ARLINGTON HEIGHTS, Ill. — Breast implants and butt lifts may be a recession-proof business, according to a new survey by the American Society of Plastic Surgeons. The first-of-its-kind nationwide poll reveals three in four cosmetic surgeons are seeing booming business as people move past the coronavirus pandemic.
Specifically, the survey reports that three-quarters of cosmetic-focused plastic surgery practices are seeing more demand for surgery now than before the pandemic started. Nearly 30 percent say their business has actually doubled after COVID.
“With COVID, we prepared for the worst. But when we were able to reopen our office, we were pleasantly surprised with the incredible surge of demand for our cosmetic services, both surgical and noninvasive,” says Dr. Bob Basu, a board-certified plastic surgeon in Houston and board vice president of finance of the American Society of Plastic Surgeons, in a media release.
“Now that the worst is hopefully behind us and people are traveling again and getting back to normal life, I initially thought that we would see some of that demand drop off, and that’s not been the case. We’re actually still seeing very high demand.”
What’s fueling the demand for plastic surgery?
Basu says a number of factors are motivating Americans to upgrade their looks in 2022 and beyond. For many, COVID shutdowns allowed them to work from home — giving them a chance to heal after surgery at the same time. Working remotely also allowed many others to save up more money, instead of dining out or spending on the daily commute.
“COVID changed everything. No one was traveling, vacations got canceled. So I think a lot of families and patients had a lot more disposable income. And so, they found that this is the right time for them to do a cosmetic plastic surgery procedure,” Basu adds.
Millennial women are leading the surge
The poll also found that women between 31 and 45 have been the most likely patients to seek breast implants, liposuction, and tummy tucks during the pandemic. Unlike older generations, who may have been hesitant to ask others about these procedures, young women are finding out everything they need through more high-tech means, like social media.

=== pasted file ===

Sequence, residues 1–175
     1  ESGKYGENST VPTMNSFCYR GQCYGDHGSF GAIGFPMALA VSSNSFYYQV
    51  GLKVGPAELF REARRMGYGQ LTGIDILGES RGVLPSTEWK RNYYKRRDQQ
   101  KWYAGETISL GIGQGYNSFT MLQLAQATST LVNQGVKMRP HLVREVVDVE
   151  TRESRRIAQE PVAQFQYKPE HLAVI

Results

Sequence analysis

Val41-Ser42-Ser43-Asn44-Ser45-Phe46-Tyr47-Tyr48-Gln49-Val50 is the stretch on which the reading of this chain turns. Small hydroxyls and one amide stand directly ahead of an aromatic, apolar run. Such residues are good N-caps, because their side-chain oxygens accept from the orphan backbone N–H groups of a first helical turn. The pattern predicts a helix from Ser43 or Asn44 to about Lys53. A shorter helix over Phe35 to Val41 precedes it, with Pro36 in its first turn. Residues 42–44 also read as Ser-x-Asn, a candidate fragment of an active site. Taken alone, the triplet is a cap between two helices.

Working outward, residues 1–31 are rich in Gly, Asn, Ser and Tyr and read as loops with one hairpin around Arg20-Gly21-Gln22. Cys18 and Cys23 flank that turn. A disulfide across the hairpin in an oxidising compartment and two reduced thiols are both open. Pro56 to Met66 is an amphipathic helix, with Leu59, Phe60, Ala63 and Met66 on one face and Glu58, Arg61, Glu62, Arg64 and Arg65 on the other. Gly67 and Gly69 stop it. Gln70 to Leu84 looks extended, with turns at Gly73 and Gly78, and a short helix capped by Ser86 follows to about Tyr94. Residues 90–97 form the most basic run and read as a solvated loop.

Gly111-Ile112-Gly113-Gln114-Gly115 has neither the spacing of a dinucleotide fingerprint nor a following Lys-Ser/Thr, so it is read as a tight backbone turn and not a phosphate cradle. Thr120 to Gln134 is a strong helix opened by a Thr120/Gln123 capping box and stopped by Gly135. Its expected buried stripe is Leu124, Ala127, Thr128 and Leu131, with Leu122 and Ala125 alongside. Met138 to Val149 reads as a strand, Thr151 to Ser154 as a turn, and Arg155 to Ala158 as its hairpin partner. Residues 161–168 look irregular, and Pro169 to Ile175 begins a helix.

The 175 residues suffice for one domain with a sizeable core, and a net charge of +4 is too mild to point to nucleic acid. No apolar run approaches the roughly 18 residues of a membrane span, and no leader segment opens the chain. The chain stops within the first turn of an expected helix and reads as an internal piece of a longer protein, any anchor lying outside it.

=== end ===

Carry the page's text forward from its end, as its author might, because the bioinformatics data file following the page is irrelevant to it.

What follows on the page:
“Millennials are very sophisticated in terms of getting the information they want. They share their experiences with other people through social media platforms or other methods. And so, these procedures are no longer taboo — They’re actually relatable and accessible,” Basu explains. “Because of this open sharing, patients also come in well-versed about the procedures of interest. And so it really allows us to have a really productive discussion about their options.”
Megan Gilbert is one of those millennials who did her research before going under the knife. The 35-year-old says she had some insecurities about her post-pandemic looks after losing 25 pounds.
“After breastfeeding two kids and losing weight, my breasts no longer looked how I wanted them to,” Gilbert says. “And I thought, ‘Why be unhappy with this one part of my body after working so hard to make all of these other improvements in my life?’”
“I couldn’t be happier with the results. Having that confidence back and feeling better about myself resonates in every part of my life, including with my family,” adds Gilbert, who underwent both a breast augmentation as well as a breast lift at Dr. Basu’s practice.
Everyone is opting for cosmetic surgery
While younger women are leading the cosmetic charge, the survey finds practices nationwide are seeing more patients in every age group and gender. The researchers believe part of the motivation is because people are literally seeing themselves on camera more than ever before.
“We’re seeing ourselves on a computer screen a lot more regularly and are much more aware of our appearance. And for a lot of people, that makes them recognize that they may want to look a little younger or to appear less tired, which has led to an increase in facial and neck procedures as well,” Basu says. “I think there’s something that’s happened in terms of the cultural values on aesthetics and wellness in this country that we haven’t seen before. And I think people are recognizing that it’s OK to do something for themselves.”
Overall, the poll found over 40 percent of plastic surgeons are reporting longer wait times between consultation and surgery in comparison to pre-pandemic days. With that in mind, experts are urging people who are considering plastic surgery to plan ahead as much as possible.
The first step is to seek out a board-certified plastic surgeon. Basu adds that if they are a member of the American Society of Plastic Surgeons, it means the surgeon also employs the highest safety and ethical guidelines.
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